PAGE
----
Doyle-Schechtman: In Irene’s Long Wake

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(Host) As we mark the first anniversary of Tropical Storm Irene, writer
and commentator Deborah Doyle-Schechtman is reflecting on the changes
she’s seen since the flood waters roared through her village.

On a recent morning in Quechee I was awakened, not by the usual melody
of chirping birds greeting the day, but by the cacophony of heavy
equipment screeching along the roads that flank the bank of the
Ottauquechee River in the heart of the village. The bridge was rendered a
virtual island by Tropical Storm Irene a year ago, and now it was
finally coming down. Life as we had grown to know it was about to change
– again.

Like so many others across the state, for the last 12
months we have learned to live with and in the aftermath of Irene. Some
of us lost our businesses, our livelihoods, or our homes. All of us lost
our sense of normalcy. The way we lived our lives day-to-day had
changed with each inch the water rose. Since then we have learned to do
without, to make-do, or to re-imagine. Devastation has been replaced by a
sort of resilience, but it’s not the kind that allows for regaining
what was, because some of what was lost will never be found. It’s more
like adapting, and accepting what is as the new normal until another one
comes around.

Who ever would have thought that the river would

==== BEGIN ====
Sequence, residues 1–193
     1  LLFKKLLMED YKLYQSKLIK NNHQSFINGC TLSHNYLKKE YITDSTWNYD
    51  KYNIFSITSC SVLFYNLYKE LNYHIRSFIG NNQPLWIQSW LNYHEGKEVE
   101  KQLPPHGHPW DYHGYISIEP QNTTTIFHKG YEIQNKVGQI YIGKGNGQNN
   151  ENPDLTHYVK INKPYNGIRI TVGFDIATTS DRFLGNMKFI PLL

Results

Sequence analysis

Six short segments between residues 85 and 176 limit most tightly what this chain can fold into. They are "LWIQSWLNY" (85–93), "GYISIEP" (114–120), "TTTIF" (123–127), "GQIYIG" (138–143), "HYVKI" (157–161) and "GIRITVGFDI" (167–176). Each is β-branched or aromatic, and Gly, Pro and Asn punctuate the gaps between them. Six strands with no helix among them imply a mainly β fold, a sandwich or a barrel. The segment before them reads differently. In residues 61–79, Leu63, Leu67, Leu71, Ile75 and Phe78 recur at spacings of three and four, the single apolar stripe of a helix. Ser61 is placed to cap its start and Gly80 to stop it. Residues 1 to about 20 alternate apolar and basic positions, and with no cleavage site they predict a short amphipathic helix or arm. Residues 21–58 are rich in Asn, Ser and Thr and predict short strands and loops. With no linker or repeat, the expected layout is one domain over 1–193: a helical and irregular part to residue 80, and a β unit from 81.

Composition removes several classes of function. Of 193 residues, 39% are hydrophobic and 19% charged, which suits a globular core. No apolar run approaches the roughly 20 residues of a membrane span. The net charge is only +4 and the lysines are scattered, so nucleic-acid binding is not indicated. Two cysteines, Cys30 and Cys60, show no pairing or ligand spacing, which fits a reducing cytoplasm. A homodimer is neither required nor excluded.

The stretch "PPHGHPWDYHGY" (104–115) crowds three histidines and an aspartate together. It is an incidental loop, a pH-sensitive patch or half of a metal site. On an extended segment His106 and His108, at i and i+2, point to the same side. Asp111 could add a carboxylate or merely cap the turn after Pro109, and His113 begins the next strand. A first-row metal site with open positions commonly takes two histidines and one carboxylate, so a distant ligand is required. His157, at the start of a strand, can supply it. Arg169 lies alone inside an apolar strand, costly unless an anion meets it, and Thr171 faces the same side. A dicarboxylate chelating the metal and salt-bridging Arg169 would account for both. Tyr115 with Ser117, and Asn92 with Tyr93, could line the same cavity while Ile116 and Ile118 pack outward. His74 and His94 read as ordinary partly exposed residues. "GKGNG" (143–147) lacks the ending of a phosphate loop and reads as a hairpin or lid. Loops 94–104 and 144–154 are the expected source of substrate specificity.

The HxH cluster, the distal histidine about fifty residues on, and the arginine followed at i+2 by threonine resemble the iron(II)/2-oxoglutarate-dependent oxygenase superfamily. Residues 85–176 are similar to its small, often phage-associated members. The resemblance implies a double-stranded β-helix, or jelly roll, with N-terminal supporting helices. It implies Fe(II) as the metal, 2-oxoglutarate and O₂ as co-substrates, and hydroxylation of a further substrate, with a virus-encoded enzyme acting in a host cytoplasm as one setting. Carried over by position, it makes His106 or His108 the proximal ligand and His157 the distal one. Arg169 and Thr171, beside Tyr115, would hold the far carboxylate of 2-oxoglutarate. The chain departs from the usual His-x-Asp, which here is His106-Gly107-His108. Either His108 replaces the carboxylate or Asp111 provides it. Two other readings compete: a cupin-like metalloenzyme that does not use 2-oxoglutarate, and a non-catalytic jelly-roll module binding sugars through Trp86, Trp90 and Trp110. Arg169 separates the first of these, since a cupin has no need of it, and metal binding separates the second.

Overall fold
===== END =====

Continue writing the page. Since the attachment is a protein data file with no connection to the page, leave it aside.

become a sluiceway for hundreds of propane tanks, or that the village
would serve as a repository for anything upstream that wasn’t tied down –
as well as other things that were? In the days following Irene , as the
water receded, the Village Green was littered with stuff of every
manner and description. There were institutional ice chests, cars, and
lawn furniture. There were parts of docks, uprooted trees , and
bicycles. There were picnic tables, weed-whackers, and tires. And there
was silt. Lots and lots of silt. And that was just what could be seen.
It was unnerving to wonder what might be buried in the 8-inch layer of
dirt that looked like a tidal flat when wet and a moonscape once it
dried. For days and weeks and months this was what we worked on and

But now that too has changed. Grass is growing. The
bandstand has been repaired and hosted its first concert not too long
ago . And the drive around the bridge to get our mail, head to the bank,
or to buy the local paper and a quart of milk will soon become a drive
across the bridge again . The intrusive sounds of excavating, drilling,
pouring, hammering, pounding and rigging is are actually a symphony to
weary ears and tired souls because it means that we continue to move
forward. It means that once again we will be able to go over the river
to grandmother’s house by Christmas.

According to conventional
wisdom, it’s the ability to attune to capricious circumstances, whatever
they may be, that dictates survival. I’d say we’ve done that and more.
We are, after all, Vermont Strong!

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